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Clin Chem. 2018 Aug;64(8):1203-1210. doi: 10.1373/clinchem.2017.285841. Epub 2018 Jun 26.

Dietary Intakes and Circulating Concentrations of Branched-Chain Amino Acids in Relation to Incident Type 2 Diabetes Risk Among High-Risk Women with a History of Gestational Diabetes Mellitus.

Author information

1
Division of Preventive Medicine, Department of Medicine, Brigham and Women's Hospital and Harvard Medical School, Boston, MA.
2
Broad Institute of MIT and Harvard, Cambridge, MA.
3
Center for Lipid Metabolomics and Cardiovascular Division, Brigham and Women's Hospital and Harvard Medical School, Boston, MA.
4
Department of Nutrition, Harvard T.H. Chan School of Public Health, Boston, MA.
5
Department of Biostatistics, Harvard T.H. Chan School of Public Health, Boston, MA.
6
Department of Epidemiology, Harvard T.H. Chan School of Public Health, Boston, MA.
7
Channing Division of Network Medicine, Department of Medicine, Brigham and Women's Hospital and Harvard Medical School, Boston, MA.
8
Mary Horrigan Connors Center for Women's Health and Gender Biology, Brigham and Women's Hospital and Harvard Medical School, Boston, MA.
9
Epidemiology Branch, Division of Intramural Population Health Research, Eunice Kennedy Shriver National Institute of Child Health and Human Development, National Institutes of Health, Bethesda, MD. zhangcu@mail.nih.gov.

Abstract

BACKGROUND:

Circulating branched-chain amino acids (BCAAs; isoleucine, leucine, valine) are consistently associated with increased type 2 diabetes (T2D) risk, but the relationship with dietary intake of BCAAs is less clear.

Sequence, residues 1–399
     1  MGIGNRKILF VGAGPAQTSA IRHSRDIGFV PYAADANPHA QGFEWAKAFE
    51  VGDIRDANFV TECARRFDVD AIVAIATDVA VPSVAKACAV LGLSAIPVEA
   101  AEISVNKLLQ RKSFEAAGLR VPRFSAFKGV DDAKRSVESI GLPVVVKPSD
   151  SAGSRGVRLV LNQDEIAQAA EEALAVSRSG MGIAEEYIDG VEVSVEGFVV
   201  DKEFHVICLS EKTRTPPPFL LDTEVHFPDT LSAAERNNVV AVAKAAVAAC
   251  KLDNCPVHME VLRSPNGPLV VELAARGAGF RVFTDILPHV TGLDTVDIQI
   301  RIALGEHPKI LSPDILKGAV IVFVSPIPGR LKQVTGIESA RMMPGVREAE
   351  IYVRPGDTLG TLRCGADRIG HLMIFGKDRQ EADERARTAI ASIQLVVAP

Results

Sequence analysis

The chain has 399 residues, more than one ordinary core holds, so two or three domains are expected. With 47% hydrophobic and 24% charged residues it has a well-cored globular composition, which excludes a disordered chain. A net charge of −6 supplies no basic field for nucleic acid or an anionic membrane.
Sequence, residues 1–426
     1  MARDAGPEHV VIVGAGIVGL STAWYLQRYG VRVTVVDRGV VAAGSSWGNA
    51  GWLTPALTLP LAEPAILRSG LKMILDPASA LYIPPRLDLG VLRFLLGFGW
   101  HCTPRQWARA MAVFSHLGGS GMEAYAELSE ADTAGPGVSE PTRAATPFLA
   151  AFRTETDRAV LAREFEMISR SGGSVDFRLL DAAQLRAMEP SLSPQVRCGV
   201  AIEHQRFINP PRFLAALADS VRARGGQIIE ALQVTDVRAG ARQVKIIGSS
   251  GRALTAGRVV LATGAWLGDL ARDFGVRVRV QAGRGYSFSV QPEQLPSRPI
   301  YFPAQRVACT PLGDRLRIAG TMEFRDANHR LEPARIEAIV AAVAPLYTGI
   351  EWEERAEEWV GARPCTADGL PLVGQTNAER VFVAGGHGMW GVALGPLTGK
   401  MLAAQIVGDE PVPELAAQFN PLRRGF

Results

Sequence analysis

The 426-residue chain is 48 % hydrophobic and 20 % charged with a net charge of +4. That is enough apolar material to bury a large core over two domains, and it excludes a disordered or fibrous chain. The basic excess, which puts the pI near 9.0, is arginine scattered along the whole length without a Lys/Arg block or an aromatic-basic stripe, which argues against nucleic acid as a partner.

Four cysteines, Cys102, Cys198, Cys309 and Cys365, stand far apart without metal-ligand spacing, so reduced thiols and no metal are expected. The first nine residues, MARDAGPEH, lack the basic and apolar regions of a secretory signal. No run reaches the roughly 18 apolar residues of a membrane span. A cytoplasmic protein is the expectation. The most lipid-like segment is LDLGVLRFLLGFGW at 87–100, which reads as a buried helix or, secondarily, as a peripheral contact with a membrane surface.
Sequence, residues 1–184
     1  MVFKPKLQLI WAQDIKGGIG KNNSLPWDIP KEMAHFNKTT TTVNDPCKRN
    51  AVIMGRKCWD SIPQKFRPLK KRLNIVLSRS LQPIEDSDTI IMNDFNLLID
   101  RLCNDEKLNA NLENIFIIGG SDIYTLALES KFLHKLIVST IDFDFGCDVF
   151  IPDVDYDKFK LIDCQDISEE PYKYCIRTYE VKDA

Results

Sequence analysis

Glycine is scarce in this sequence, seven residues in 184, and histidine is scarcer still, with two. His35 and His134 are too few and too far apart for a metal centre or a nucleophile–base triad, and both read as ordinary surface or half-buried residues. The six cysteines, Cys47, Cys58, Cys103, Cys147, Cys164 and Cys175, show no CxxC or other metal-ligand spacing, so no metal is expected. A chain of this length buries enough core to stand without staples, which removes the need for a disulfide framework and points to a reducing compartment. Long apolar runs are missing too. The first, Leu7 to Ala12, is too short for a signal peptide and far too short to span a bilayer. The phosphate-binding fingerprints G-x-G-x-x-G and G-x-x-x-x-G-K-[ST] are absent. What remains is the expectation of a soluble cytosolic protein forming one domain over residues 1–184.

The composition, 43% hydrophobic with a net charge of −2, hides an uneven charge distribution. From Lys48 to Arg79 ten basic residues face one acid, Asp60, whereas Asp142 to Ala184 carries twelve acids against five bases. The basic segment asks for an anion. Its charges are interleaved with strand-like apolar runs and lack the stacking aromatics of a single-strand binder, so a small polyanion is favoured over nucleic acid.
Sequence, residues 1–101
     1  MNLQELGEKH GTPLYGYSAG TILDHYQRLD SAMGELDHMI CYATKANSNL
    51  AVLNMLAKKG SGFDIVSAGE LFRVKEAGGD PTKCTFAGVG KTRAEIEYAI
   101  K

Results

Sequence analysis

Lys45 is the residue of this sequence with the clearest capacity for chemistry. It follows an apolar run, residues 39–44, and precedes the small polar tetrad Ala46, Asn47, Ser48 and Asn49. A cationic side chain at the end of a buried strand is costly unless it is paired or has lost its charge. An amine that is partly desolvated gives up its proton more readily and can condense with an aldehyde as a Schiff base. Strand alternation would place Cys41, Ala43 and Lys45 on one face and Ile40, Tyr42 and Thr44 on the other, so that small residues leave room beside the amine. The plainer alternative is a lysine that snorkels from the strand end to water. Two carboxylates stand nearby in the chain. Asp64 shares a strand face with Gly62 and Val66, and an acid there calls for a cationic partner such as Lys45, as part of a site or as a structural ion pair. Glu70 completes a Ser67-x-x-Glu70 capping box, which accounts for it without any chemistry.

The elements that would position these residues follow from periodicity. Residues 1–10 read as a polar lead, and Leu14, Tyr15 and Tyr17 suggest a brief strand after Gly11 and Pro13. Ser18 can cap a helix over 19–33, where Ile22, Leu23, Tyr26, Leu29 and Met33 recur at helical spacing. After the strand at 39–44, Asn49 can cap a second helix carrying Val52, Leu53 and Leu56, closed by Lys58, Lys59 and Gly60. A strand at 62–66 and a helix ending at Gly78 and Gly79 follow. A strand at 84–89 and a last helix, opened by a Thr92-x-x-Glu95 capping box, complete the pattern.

METHODS:

The longitudinal Nurses' Health Study II cohort conducted a blood collection from 1996 to 1999. We profiled plasma metabolites among 172 incident T2D cases and 175 age-matched controls from women reporting a history of gestational diabetes before blood draw. We estimated dietary energy-adjusted BCAAs from food frequency questionnaires. We used conditional logistic regression models to estimate odds ratios (OR) and 95% CI of T2D risk across quartiles (Q1-Q4) of BCAAs, adjusting for age, body mass index (BMI), physical activity, family history, and other established risk factors. We also assessed joint exposure to below/above medians of diet and plasma concentrations, with lower diet/lower plasma as reference.

RESULTS:

Dietary and plasma BCAA concentrations were positively associated with incident T2D (diet Q4 vs Q1 OR = 4.6, CI = 1.6, 13.4; plasma Q4 vs Q1 OR = 4.4, CI = 1.4, 13.4). Modeling the joint association indicated that higher diet BCAAs were associated with T2D when plasma concentrations were also higher (OR = 6.0, CI = 2.1, 17.2) but not when concentrations were lower (OR = 1.6, CI = 0.61, 4.1). Conversely, higher plasma BCAAs were associated with increased T2D for either lower or higher diet.

CONCLUSIONS:

Independent of BMI and other risk factors, higher diet and plasma BCAA concentrations were associated with an increased incident T2D risk among high-risk women with a history of gestational diabetes, supporting impaired BCAA metabolism as conferring T2D risk.

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